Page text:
Online ads aren’t going away anytime soon, and that'll keep the likes of Adblock Plus in business for the foreseeable future. But if you choose not to use an ad blocker and are therefore going to be bombarded with ads, they might as well be ads that are relevant to you, right?
Google is rolling out a new feature that enables users to choose the topics they are interested in so the ads they see will be more appropriate to them. But as well as improving the ad experience for users, the new scheme means that advertisers are handed even more information about people that can be exploited for financial gain. It also enables Google to use information it gathers about users to tailor ads.
Evernote has today announced that it is increasing the prices of its paid-for packages, whilst simultaneously increasing the restrictions on free Basic accounts. Both the Plus and Premium tiers are increasing in price by a third, while those looking to avoid having to pay will find that they are now limited to syncing data between just two devices.
Evernote says that the price increase reflects a "significant investment of energy, time, and money" that will be needed "to deliver the Evernote we envision" -- something the company admits it has a "long way to go" before achieving.
Facebook is all about sharing and consuming, and today the social network launches two new extensions for the Chrome browser that make it easy to do both. The Share to Facebook and Save to Facebook extensions do very much what you would expect, encouraging not only sharing, but also the use of Facebook as a bookmarking tool for articles you want to read later.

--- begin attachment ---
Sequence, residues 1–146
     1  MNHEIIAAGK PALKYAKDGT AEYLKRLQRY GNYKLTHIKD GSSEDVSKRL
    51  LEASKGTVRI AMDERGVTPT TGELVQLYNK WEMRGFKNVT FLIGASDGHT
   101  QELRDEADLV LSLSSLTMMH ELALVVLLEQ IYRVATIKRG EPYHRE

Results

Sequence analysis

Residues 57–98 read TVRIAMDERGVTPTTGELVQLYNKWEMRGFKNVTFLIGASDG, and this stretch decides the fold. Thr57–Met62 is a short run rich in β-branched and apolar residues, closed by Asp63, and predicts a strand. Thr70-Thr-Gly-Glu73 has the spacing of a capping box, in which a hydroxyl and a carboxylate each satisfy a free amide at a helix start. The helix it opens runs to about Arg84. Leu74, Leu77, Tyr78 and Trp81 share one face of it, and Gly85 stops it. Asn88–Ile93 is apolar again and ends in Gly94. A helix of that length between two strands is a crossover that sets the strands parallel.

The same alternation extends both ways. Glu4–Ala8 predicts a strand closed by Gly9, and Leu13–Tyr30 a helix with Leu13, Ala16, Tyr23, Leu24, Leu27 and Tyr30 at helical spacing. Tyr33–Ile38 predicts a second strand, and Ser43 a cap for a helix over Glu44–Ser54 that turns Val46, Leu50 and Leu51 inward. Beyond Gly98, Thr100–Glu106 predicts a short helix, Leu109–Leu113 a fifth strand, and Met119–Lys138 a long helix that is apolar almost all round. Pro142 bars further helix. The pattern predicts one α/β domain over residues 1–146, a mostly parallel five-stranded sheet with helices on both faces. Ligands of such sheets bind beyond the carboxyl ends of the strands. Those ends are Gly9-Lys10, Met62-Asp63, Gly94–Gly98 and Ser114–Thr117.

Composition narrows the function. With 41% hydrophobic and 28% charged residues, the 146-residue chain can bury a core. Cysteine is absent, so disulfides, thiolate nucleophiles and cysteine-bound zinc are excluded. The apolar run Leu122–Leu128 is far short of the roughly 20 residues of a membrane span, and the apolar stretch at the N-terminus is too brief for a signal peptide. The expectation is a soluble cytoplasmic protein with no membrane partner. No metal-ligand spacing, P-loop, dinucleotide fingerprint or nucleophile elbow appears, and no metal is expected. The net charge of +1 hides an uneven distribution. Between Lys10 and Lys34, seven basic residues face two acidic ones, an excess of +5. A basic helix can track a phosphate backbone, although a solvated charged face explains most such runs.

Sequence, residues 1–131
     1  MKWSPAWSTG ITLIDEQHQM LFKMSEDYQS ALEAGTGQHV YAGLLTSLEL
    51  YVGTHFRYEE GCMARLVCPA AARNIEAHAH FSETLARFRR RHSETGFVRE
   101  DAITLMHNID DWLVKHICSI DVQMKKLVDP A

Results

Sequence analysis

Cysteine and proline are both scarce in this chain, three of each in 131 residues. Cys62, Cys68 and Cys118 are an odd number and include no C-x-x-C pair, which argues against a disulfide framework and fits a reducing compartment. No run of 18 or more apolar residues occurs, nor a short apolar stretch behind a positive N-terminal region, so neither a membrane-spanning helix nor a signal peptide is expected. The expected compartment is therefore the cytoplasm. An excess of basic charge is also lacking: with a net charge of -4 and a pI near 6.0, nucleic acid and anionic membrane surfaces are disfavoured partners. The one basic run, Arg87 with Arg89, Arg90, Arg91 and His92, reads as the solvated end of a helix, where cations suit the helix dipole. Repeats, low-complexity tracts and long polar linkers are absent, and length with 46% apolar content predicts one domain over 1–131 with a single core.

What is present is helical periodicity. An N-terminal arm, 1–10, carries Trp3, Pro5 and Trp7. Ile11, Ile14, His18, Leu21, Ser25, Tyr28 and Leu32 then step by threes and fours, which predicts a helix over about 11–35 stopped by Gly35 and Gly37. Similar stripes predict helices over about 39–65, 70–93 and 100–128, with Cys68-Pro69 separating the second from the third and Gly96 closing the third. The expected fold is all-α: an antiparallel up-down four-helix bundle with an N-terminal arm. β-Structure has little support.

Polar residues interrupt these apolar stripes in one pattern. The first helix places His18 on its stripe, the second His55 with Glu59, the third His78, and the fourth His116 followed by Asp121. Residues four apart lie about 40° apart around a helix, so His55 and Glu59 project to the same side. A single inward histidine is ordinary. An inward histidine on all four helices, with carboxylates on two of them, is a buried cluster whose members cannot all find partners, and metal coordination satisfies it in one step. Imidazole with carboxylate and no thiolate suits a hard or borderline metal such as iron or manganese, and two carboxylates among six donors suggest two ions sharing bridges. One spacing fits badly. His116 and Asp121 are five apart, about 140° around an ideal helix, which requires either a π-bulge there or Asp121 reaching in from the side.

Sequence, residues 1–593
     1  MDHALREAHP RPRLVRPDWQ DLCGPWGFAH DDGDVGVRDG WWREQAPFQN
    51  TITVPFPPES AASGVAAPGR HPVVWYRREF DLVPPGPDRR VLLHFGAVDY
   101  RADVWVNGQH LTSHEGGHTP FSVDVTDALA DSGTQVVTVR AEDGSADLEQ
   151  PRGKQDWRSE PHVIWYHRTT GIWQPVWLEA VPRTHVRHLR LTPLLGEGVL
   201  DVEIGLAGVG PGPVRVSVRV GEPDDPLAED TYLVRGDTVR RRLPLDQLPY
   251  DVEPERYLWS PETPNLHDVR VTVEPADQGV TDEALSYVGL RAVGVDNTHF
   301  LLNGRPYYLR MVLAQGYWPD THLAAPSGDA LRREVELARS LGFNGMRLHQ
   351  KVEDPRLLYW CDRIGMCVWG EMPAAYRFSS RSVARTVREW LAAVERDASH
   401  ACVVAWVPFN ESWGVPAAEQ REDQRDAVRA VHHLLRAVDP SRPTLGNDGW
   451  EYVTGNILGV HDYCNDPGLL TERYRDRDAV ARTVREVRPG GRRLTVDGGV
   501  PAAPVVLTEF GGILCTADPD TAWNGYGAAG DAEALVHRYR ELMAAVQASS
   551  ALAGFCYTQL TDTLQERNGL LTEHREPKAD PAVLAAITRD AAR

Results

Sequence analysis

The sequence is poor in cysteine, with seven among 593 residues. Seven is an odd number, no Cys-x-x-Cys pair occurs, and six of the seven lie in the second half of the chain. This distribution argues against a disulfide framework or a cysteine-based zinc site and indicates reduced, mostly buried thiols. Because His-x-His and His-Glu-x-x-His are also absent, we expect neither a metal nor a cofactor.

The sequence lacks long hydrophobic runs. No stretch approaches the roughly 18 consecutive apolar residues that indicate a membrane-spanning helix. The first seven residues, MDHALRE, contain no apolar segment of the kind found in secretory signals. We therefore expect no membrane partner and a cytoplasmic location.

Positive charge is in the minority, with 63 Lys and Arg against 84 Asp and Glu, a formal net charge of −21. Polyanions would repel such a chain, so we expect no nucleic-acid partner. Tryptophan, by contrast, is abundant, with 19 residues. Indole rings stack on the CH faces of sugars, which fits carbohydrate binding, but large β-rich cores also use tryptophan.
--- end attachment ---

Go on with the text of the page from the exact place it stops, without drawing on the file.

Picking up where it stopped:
As well as these two extensions, Facebook is also rolling out redesigned Social Plugin buttons. The Like button that you see adorning so many websites is getting a modern makeover, losing the iconic Facebook 'f' logo, and gaining an emoji-lover-friendly thumbs up icon instead.
The world of technology relies on encryption. Everything from private messages to online payments are secured in this way -- but how does it all work? Mozilla has come up with a way to teach people about encryption, combining gaming and emoji into a useful learning tool.
Codemoji is described as "a fun way to learn about ciphers", and while you might think that it's aimed solely at children, there's something here for all ages. The idea is very simple: letters and words are translated into emoji so they can only be read by those who understand the decryption technique.
"Son and heir", not "sun and air". Excuse me while I "kiss the sky", not "this guy". If you've ever struggled to interpret the lyrics to a song, you've probably scurried online to look up what is actually being sung. By teaming up with LyricFind, Google just made this much quicker and easier.
No more jumping from site to site. No more ad barrages. Now Google will display song lyrics directly in search results from the world’s largest lyric licensing service. As well as making things easier for searchers, the deal means that artists get paid royalties as their lyrics are viewed.
Today at the Red Hat Summit, Microsoft announced the launch of .NET Core 1.0. Continuing the company's embrace of other platforms, the latest version of the open source .NET runtime platform supports Windows, OS X, iOS, Android and -- of course -- Linux.
At the summit, Red Hat said that .NET Core 1.0 will be fully supported by Red Hat Enterprise Linux. With Microsoft's partnership with Red Hat late last year, and the company's on-going expansion into the cross-platform cloud, Linux support is not entirely surprising. Also announced today was ASP.NET Core 1.0 and Entity Framework 1.0 for developers to get to work with.
The owner of a California-based travel agency has received a $10,000 settlement from Microsoft after a forced Windows 10 upgrade rendered her computer unusable. Teri Goldstein found that her work computer downloaded and started to install Windows 10 without her permission, but the installation failed.
The installation not only failed, Goldstein says, but also slowed down her computer, leading to days of lost business. After failing to get help from Microsoft's customer support, she took the company to court.